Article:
Mandatory Firefighter Medical Examinations

By John K. Murphy 

You’re working a fully involved structure fire, hauling hose up a staircase, wearing full personal protective equipment. You are straining and pushing, pushing and pulling, encouraging the crew, working hard, and the heat is unbearable. Your chest discomfort–a nagging problem over the past few weeks but dismissed as some stomach upset and “no big deal”–is getting worse. With increased exertion while pushing and pulling hose and equipment to the third floor, your chest discomfort becomes a crushing pain mid-chest, radiating to your arms and neck. Your breathing becomes labored and you feel like you’re dying and are going to pass out. You Mayday, “I’m having a heart attack.” That’s the last thing you remember.
Could this be you during those times of heavy exertion at a working fire or complex rescue? Could this be you denying your “stomach upset” or jaw discomfort? Are you on a river in Egypt –called “de-Nile?”
Statistics from 2010 for firefighter line-of-duty deaths caused by cardiac arrest indicate these deaths accounted for 56.4 percent of all deaths, and there is a 44 percent average from cardiac arrest and heart disease over the past 10 years. Firefighters are dying from preventable diseases. What about our retired brethren? Although there are no comprehensive studies, I would surmise they die early from all kinds of preventable diseases like heart disease, diabetes, cancer, and high blood pressure. Not much of a retirement.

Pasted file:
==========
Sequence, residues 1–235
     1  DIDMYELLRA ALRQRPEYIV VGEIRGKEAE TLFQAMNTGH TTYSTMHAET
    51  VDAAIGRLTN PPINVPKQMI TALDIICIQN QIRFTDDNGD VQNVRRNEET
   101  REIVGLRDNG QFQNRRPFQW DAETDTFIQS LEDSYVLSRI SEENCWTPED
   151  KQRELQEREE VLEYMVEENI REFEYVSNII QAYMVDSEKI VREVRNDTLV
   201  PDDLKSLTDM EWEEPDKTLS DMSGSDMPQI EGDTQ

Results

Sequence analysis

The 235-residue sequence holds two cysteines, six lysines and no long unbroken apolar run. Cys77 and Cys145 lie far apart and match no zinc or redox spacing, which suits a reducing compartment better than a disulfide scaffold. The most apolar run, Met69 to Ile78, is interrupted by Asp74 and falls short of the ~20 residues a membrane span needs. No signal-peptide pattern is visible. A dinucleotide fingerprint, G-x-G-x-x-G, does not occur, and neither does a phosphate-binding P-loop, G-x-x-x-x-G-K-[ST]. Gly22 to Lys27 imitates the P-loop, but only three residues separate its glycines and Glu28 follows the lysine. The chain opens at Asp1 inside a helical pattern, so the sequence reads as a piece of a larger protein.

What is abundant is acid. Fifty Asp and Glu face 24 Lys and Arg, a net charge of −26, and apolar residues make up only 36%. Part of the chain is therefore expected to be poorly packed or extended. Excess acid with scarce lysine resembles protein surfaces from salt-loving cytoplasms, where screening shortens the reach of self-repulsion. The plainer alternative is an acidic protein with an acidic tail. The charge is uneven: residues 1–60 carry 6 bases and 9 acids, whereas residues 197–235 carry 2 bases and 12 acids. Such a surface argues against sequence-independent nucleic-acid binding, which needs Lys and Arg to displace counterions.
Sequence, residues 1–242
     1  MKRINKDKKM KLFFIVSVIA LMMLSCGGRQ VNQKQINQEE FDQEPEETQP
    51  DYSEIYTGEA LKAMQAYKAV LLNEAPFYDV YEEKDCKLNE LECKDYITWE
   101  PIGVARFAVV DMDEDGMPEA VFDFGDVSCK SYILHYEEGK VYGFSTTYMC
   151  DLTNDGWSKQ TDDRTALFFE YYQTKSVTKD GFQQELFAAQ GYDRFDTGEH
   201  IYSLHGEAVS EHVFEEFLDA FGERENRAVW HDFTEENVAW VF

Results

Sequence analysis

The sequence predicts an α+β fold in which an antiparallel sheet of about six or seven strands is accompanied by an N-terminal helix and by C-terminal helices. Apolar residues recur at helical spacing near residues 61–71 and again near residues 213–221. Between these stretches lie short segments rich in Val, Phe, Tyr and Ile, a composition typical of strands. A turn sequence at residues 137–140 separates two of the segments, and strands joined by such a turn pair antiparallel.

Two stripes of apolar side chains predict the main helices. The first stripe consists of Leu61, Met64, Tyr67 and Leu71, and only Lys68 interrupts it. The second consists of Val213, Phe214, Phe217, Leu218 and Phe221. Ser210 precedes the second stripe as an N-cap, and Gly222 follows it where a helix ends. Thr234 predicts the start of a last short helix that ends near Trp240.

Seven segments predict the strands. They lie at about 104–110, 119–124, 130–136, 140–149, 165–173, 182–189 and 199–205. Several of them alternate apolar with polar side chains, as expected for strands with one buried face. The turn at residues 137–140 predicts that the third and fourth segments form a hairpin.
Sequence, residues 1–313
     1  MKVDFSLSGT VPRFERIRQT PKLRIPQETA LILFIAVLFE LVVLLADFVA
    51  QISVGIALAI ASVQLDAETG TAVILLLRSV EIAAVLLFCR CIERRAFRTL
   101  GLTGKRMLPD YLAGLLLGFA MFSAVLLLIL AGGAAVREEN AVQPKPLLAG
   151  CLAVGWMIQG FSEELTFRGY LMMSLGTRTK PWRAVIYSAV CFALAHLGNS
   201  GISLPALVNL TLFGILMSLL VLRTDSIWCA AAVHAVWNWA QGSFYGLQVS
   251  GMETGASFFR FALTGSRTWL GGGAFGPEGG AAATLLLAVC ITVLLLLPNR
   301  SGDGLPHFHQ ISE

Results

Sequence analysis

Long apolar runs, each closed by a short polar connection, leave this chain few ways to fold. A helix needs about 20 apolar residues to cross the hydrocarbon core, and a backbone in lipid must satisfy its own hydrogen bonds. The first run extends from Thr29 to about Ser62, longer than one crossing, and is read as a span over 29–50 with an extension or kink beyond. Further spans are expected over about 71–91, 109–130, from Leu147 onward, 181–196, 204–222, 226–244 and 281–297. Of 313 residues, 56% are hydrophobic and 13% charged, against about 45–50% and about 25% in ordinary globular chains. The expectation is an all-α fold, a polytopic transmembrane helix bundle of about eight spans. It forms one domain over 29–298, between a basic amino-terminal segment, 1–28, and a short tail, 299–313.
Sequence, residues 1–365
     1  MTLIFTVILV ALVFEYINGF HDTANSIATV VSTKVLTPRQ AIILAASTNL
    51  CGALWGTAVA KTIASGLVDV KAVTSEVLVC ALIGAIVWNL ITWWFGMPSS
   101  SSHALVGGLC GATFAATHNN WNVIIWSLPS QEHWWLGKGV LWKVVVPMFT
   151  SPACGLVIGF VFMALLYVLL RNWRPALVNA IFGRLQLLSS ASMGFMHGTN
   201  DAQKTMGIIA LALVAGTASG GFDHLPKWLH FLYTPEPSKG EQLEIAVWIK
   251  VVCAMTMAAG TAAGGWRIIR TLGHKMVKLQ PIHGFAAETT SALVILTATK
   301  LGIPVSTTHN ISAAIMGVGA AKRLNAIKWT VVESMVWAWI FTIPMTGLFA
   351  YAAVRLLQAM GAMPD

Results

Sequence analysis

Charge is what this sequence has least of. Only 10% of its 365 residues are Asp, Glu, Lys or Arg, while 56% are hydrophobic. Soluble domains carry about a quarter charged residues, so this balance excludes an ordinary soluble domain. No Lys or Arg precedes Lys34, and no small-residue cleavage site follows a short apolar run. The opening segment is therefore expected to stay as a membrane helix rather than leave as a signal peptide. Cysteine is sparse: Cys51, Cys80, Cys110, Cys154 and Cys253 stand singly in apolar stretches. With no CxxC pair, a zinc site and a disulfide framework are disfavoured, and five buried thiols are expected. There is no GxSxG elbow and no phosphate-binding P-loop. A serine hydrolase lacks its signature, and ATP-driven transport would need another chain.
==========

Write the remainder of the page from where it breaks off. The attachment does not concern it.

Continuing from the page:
Did you have a comprehensive medical evaluation that followed National Fire Protection Association (NFPA) 1582, Standard on Comprehensive Occupational Medical Programs for Fire Departments, Chapter 6, Medical Evaluations of Candidates, when you were hired by your fire department? This initial medical evaluation will establish the baseline for your continued medical evaluations if your physician finds a change in heart, lung, vision, hearing, lab work, or other vital functions. Corrective processes can be implemented to prevent the furthering of potential fatal disease or illness. As we age and beat our bodies down doing our job, it is inevitable that we will have some medical condition that requires early detection, intervention, and treatment. If no entry medical evaluation was performed, how do we know what is happing to us medically over time?